What do you think about group selection?

By Razib Khan | April 8, 2012 9:50 pm

I just received a review copy of E. O. Wilson’s The Social Conquest of Earth. One of the reasons why this book is “hot” is that Wilson has recently been revisiting the “levels of selection” debates, and significantly downgraded kin selection in the pantheon of evolutionary dynamics (at least in his mind). There has been a lot of talk on the blogs about Wilson’s ideas, in large part because of his partisan position on the Nowak vs. most other biologists debate, in favor of Nowak.

I don’t know if I’ll have time to review the book (a reality I honestly explained already to the people working at the publisher), but, it did get me thinking: what are the opinions of biologists in relation group selection? My personal experience is that opinions actually vary by discipline and by department. It’s hard to get a real sense, because people tend to be in their own “bubble.” With that in mind, I’ve put together a small survey to assess opinions. My core audience here are people who consider themselves biologists, though I can’t prevent someone with strong opinions from participating obviously!

So, a survey on group selection. You can see the results here.

CATEGORIZED UNDER: Evolutionary Genetics
MORE ABOUT: Group Selection
  • Dallas

    Why didn’t you add the field ‘evolutionary biology’? I mean, that is the field in which this debate principally occurs, right?

  • http://blogs.discovermagazine.com/gnxp Razib Khan

    #1, evolutionary biology spans a lot of disciplines. there are people studying evolution in genetics and ecology, for example.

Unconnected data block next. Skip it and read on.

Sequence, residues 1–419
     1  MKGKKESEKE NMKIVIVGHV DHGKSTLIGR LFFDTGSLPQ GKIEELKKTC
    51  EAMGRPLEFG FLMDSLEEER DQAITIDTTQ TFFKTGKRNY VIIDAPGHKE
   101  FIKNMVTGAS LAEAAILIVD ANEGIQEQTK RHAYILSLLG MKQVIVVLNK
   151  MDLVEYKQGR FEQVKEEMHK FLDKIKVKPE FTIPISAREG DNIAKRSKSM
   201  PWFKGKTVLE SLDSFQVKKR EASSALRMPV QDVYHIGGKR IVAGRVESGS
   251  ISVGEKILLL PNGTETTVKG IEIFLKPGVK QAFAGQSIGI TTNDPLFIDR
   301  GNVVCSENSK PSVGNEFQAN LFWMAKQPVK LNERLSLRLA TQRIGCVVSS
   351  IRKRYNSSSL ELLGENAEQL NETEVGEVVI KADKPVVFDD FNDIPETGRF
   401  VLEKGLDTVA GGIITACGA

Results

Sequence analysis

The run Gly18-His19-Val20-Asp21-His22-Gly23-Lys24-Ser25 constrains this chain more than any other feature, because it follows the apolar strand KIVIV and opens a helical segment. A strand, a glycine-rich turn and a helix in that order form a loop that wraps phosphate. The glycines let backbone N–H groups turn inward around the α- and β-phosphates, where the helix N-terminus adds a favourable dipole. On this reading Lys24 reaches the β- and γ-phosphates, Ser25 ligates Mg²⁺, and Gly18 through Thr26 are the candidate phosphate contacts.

• Stephen

    Anymore, everyone is a geneticist of some sort. So that is usually true and a rather un-useful category. For purposes of the survey, it seems you want to peel off those folks who consider themselves “population geneticists” or “evolutionary geneticists” — that is, people who have thought about the question previously.

  • http://julianodea.blogspot.com/ Julian O’Dea

    Much as I admire Wilson and generally dislike psychological explanations, I do have a theory as to why he has downgraded kin selection. I think he regrets not having had Hamilton’s key insight into why social insects may have evolved, the haplodiploidy point.

    Wilson said somewhere that he wished he had spent more time thinking about the problem, and less time in the field gathering data. I think he feels that Hamilton beat him to a key insight, and he now seeks to downplay it.

  • http://behavecology.wordpress.com Steven

    I’ve been convinced by people like Stuart West and Steven Frank (among others) that kin selection and MLS (or ‘new group selection’, not old-style Wynne-Edwards group selection) are mathematically the same thing and that there hasn’t yet been a formulation of a problem in MLS-terms that is more useful than the corresponding kin-selection formulation. Thus, for the first question I’m torn between ‘theoretically impossible’ because MLS = kin-selection and is therefore reducible to the individual, or ‘theroetically possible and ubiquitous in nature’ because MLS = kin-selection and is everywhere. Which option would you advise I choose in terms of how you meant the question?

  • http://forwhattheywereweare.blogspot.com/ Maju

    For whatever is worth, IMO altruism is actually a trade at different times: I scratch your back now and expect to be scratched tomorrow (by you or someone else in the partnership). And, behold, it happens (or the solidarity system collapses in the mid-run). The less important element is who is the partner, although, of course, if the partner is a relative there’s some extra value in the cooperation system (but members of the same species are all close relatives anyhow, sharing most of their genes: any human and my fourth-degree cousin is nearly the same).